MEASURABLE AND ACTIONABLE
Most global CPGs claim to have an in-store merchandising strategy for their promotional and Club channel SKUs, and generally, these strategies are tied to either revenue or cost reduction goals. Seems simple enough. But after a closer look, its really much more complex than that.
Because different organizational departments may have ownership of the process at different times, there comes a point where competing strategies begin to clash due to different desired outcomes. Operations, Sales, Finance, and Marketing, all play a large role in the execution of in-store programs. However, they are historically measured to competing end results. For example, operations is usually concerned about cost containment, sales is interested in revenue, finance demands that profit margins are met, and marketing is focused on share and brand equity.
With this in mind, Brawerman Marsh helps its clients to strike a balance between competing measurements with an overall in-store merchandising strategy that satisfies both top and bottom line drivers. It is possible to have a single and unified strategy that is linked and aligned, measured and managed, to overall strategic corporate goals. Brawerman Marsh will ensure that key stakeholders in the merchandising value chain achieve their strategic goal.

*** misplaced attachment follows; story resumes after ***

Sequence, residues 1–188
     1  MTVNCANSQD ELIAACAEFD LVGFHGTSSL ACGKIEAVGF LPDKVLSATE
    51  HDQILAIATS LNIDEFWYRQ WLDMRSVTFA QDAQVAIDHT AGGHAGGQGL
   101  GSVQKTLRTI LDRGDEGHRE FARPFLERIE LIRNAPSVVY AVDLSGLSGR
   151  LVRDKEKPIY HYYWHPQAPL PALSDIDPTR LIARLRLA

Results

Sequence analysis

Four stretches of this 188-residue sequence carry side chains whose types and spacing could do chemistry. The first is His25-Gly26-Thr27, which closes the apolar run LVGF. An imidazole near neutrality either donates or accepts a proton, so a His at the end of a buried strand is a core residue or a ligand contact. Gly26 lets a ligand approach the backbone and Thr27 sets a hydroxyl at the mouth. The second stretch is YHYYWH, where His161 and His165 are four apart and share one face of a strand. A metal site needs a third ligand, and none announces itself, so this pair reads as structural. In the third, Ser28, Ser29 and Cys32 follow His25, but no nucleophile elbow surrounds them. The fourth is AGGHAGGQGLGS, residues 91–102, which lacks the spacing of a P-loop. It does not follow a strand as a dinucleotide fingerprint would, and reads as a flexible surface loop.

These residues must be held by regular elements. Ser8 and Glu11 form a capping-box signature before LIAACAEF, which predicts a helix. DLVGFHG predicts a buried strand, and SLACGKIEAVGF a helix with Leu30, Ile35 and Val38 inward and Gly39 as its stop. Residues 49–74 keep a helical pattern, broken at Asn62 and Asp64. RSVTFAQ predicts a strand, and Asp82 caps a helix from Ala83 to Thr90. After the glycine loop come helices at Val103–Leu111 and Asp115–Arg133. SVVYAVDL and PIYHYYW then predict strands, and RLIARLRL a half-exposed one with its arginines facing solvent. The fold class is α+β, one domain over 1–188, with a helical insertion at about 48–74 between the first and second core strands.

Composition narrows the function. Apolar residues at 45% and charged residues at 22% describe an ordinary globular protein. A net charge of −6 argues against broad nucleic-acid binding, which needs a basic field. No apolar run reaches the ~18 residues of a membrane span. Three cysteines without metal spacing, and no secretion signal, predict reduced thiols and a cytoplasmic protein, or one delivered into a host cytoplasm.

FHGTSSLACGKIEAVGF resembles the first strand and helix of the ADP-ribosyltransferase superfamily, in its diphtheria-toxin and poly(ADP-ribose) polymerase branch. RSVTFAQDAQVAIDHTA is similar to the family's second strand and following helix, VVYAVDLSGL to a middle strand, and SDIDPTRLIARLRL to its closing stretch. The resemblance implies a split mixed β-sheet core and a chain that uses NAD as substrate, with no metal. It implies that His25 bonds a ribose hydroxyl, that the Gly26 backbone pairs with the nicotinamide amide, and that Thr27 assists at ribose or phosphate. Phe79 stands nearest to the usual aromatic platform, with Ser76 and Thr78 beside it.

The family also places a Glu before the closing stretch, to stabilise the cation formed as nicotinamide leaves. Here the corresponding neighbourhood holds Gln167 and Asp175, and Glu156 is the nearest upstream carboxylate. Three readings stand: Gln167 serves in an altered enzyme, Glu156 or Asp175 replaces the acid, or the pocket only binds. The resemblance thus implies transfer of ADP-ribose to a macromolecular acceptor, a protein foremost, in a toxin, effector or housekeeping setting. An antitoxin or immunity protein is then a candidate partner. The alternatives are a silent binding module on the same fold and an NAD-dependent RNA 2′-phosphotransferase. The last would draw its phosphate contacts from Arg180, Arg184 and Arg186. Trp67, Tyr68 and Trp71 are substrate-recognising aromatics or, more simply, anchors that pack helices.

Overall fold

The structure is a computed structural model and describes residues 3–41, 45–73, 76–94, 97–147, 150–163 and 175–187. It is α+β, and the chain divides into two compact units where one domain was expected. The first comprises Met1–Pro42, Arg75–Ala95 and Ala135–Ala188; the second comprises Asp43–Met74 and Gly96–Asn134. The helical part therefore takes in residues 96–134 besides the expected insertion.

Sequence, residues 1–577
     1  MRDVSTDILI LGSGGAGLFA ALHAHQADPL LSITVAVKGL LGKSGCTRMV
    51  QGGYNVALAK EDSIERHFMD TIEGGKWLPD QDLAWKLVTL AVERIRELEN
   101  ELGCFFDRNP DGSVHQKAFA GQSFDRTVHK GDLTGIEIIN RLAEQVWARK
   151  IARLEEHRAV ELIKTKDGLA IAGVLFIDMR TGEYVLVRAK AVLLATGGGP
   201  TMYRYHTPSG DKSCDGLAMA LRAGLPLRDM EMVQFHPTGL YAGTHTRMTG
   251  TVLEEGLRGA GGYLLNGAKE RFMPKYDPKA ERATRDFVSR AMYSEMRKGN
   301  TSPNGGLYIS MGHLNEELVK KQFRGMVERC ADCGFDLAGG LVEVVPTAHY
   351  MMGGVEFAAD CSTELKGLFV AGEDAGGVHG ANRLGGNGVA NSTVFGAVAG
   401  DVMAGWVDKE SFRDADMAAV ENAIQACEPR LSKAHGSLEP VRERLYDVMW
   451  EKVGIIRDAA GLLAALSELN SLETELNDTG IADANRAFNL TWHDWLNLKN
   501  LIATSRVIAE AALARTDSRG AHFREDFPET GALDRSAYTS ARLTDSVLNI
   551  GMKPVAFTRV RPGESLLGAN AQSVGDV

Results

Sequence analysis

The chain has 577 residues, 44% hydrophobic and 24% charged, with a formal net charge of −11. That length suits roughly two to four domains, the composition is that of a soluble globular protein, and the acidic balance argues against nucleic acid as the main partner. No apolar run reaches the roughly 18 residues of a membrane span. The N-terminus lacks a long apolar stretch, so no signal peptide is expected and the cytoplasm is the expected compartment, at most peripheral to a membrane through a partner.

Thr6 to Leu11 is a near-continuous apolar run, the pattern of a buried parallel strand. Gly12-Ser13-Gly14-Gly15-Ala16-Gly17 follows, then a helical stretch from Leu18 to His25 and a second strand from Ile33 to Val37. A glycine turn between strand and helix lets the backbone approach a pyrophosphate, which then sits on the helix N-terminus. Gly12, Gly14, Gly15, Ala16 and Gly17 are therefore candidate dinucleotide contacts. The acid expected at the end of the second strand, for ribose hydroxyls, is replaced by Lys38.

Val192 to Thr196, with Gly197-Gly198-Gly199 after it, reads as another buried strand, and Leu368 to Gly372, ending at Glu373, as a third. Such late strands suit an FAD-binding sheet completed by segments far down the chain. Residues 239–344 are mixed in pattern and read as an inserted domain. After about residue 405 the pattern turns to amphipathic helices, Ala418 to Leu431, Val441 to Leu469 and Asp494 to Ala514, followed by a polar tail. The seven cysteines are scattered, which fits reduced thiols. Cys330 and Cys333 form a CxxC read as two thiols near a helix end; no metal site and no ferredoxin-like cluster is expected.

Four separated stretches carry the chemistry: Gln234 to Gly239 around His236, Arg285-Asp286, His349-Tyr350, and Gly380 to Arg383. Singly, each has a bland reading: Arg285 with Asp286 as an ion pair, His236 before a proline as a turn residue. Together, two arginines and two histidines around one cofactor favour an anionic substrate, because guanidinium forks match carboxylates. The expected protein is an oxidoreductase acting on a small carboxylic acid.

Objectives and Goals
In-store merchandising strategies not only can and should be tied to overall corporate goals, but they should also be somewhat fluid to anticipate change. Whether the end goal is growth, profit, share, cost savings, or a combination of all, Brawerman Marsh can build a strategy that will address these goals.
When it comes to in-store merchandising, a strategy that is effective for one category, brand, customer, or channel, may not be effective for the next. Although the execution of these strategies may all utilize the same process, the strategies themselves should be different.
Brawerman Marsh helps its clients develop strategies based on data at the SKU level. We take into consideration not only financial data, but also marketing and sales data. We review financial data such as gross revenue and profit margins – sales data such as high or low velocity sales channels – and marketing data such as a high impulse category or destination category. From this and the addition of much more proprietary Brawerman Marsh methodology, our clients receive channel, customer, and brand specific strategies that deliver tremendous financial results.